Open Letter to Tagami published in EB Express and Oakland Post

  • Open Letter to Phil Tagami - East Bay Express-cropped - 25 Oct 2017

No Coal in Oakland’s Open Letter to Phil Tagami — calling on the would-be coal developer to “dismiss his lawsuit against the people of Oakland,” and “get to work on a plan that makes sense for one of the few remaining undeveloped parcels on our public waterfront” — was published late last week in the East Bay Express and the Oakland Post.

To-date, over 66 organizations and 1,800 individuals have signed on. The text of the letter follows:

We call on Phil Tagami to dismiss his lawsuit against the people of Oakland and give up his plan to build the largest coal export facility on the West Coast right here in Oakland. It is time for him to come up with a cleaner, safer, healthier, and more sustainable use for Oakland’s publicly-owned West Gateway.

We support the City Council’s decision in July 2016 to ban coal storage and handling in Oakland. Rather than accept the will of the people, who collectively have contributed nearly $500 million in local, state, and federal funds to redevelop the former Oakland Army Base, Tagami hired one of the richest law firms in the world to sue Oakland, claiming our ban on coal violates his Constitutional rights.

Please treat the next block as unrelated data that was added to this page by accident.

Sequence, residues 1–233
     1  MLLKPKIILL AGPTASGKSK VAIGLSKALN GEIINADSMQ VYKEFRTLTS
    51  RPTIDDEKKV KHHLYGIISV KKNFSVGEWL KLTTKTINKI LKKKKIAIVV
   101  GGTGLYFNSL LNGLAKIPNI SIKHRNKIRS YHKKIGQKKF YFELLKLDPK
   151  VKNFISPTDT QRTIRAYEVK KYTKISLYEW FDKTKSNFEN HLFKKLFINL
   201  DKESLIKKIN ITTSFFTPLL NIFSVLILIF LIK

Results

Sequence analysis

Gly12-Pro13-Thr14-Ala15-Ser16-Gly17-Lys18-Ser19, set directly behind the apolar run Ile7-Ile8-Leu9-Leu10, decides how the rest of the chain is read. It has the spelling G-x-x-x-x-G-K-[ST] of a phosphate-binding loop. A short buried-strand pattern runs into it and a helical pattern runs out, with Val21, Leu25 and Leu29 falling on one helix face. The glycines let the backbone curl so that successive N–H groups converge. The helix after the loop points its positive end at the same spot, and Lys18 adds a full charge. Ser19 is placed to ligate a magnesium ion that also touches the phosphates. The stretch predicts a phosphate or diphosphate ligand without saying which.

By pursuing litigation that could last for years, he is putting off the creation of jobs that he promised and Oakland residents desperately need now–and diverting city funds to legal defense that would be better spent to meet the needs of Oakland residents. By insisting on his right to ship coal when the world is turning away from coal, he is chasing his own quick profits from building a coal terminal while taxpayers will be left holding the bag when the coal export scheme collapses.

We ask Phil Tagami to drop his lawsuit and get to work on a plan that makes sense for one of the few remaining undeveloped parcels on our public waterfront. NO COAL IN OAKLAND!

Tagami’s lawsuit in Federal Court endangers communities far beyond Oakland’s city limits. If the lawsuit is not withdrawn — no matter how it is decided in a trial at the District Court level, and no matter how intermediate Appellate Courts rule on the case — it will be appealed all the way up to the U.S. Supreme Court. There, a conservative panel of Supreme Court justices could limit the authority of any state or local health or safety regulation of the fossil fuel or the infrastructure used to extract and burn it.

NCIO is still collecting signatures from individuals and organizational signons, and will continue to update the list of organizational and individual signatories.

We will not give up our fight until the threat of a toxic coal terminal on Oakland’s waterfront is fully and certainly defeated.